Which is not quite what you said in post #8. And, if you want to keep transformers energised, why not other wound components like spare electric motors for example. But who does?


Anyway, back to the OP.
A number of good points have been made. Another possibility is that, if the two transformers that failed were manufactured by the same manufacture as a single order at the same time, there could be a manufacturing defect. I've come across this on some fairly big motors.
 
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T.M.Haja Sahib

Guest
An idea has to be able to stand on its' own, and not hide behind the "reputation" of the speaker, writer, publisher, merchant, or anyone else.
This is not the way science progresses.Listen what Newton said ''If I am looking taller than others,it is because I am standing on the shoulders of giants''.It means that his ideas are not solely his own but a continuation of other great scientists' ideas.Even Einstein depended on other scientists' ideas to develop his theory of relativity
 
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T.M.Haja Sahib

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It might. On the other hand, it might also mean that devices were correctly rated for all known and anticipated conditions. There could be some unforeseen event or even combination of unforeseen events that result in failure. Or human error. Or willful damage. Or even mindless vandalism. Or a upstream transformer insulation failing and subjecting your units (all of those energised) to excessive voltage. I actually have an example of this last event that I'm currently dealing with.
I am still convinced that Engineering Technology has advanced to such a level that to provide an electrical installation free from ALL adverse conditions is just a matter of money.

I think I already mentioned to you that I am not in the US.
Just admit it.That is enough.

Which is not quite what you said in post #8. And, if you want to keep transformers energised, why not other wound components like spare electric motors for example. But who does?
Look closely.I did not mention any time element in it.

This thread is about transformer.
 

Besoeker

Senior Member
Location
UK
I am still convinced that Engineering Technology has advanced to such a level that to provide an electrical installation free from ALL adverse conditions is just a matter of money.
Just Like Piper Alpha, Bhopal, and Fukushima?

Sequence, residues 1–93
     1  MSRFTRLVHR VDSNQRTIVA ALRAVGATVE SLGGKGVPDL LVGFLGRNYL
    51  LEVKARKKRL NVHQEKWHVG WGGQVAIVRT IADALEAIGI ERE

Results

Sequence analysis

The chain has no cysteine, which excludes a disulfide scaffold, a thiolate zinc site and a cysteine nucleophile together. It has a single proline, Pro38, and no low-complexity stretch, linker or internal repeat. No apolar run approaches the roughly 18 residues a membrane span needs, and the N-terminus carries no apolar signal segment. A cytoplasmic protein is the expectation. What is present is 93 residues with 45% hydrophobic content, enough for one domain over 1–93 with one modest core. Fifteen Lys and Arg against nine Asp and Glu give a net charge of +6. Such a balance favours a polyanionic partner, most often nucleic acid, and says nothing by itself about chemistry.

Just admit it.That is enough.
Admit what? I don't live in the US and I am not a US citizen. That's not an admission - it's a simple statement of the facts.

Look closely.I did not mention any time element in it.
Nor did I say that you had. But, since you mention it, "need to be kept energized" my reasonably be taken to mean indefinitely.

This thread is about transformer.
The rationale in your second link was about keeping the transformer energised to prevent the ingress of moisture. That rationale would be just as applicable to any would equipment that could be damaged or degraded by the ingress of moisture. That was my point.
 
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T.M.Haja Sahib

Guest
Admit what? I don't live in the US and I am not a US citizen. That's not an admission - it's a simple statement of the facts.


Nor did I say that you had. But, since you mention it, "need to be kept energized" my reasonably be taken to mean indefinitely.


The rationale in your second link was about keeping the transformer energised to prevent the ingress of moisture. That rationale would be just as applicable to any would equipment that could be damaged or degraded by the ingress of moisture. That was my point.
''Just Like Piper Alpha, Bhopal, and Fukushima?''
Do not go to extreme cases about which we both know too little and also such cases have no relevance for this topic of thread:transformers.So,in case of transformers,are there any adverse factors of electrical nature beyond the capabilities of present day technology?

''Admit what? I don't live in the US and I am not a US citizen. That's not an admission - it's a simple statement of the facts.''
It is not necessary to be a U.S citizen to acknowledge/admit a fact.

Nor did I say that you had. But, since you mention it, "need to be kept energized" my reasonably be taken to mean indefinitely.
Analyse before taking a decision.

''The rationale in your second link was about keeping the transformer energised to prevent the ingress of moisture. That rationale would be just as applicable to any would equipment that could be damaged or degraded by the ingress of moisture. That was my point.''

Do you think humidity problem is not taken care of in rotating machinery?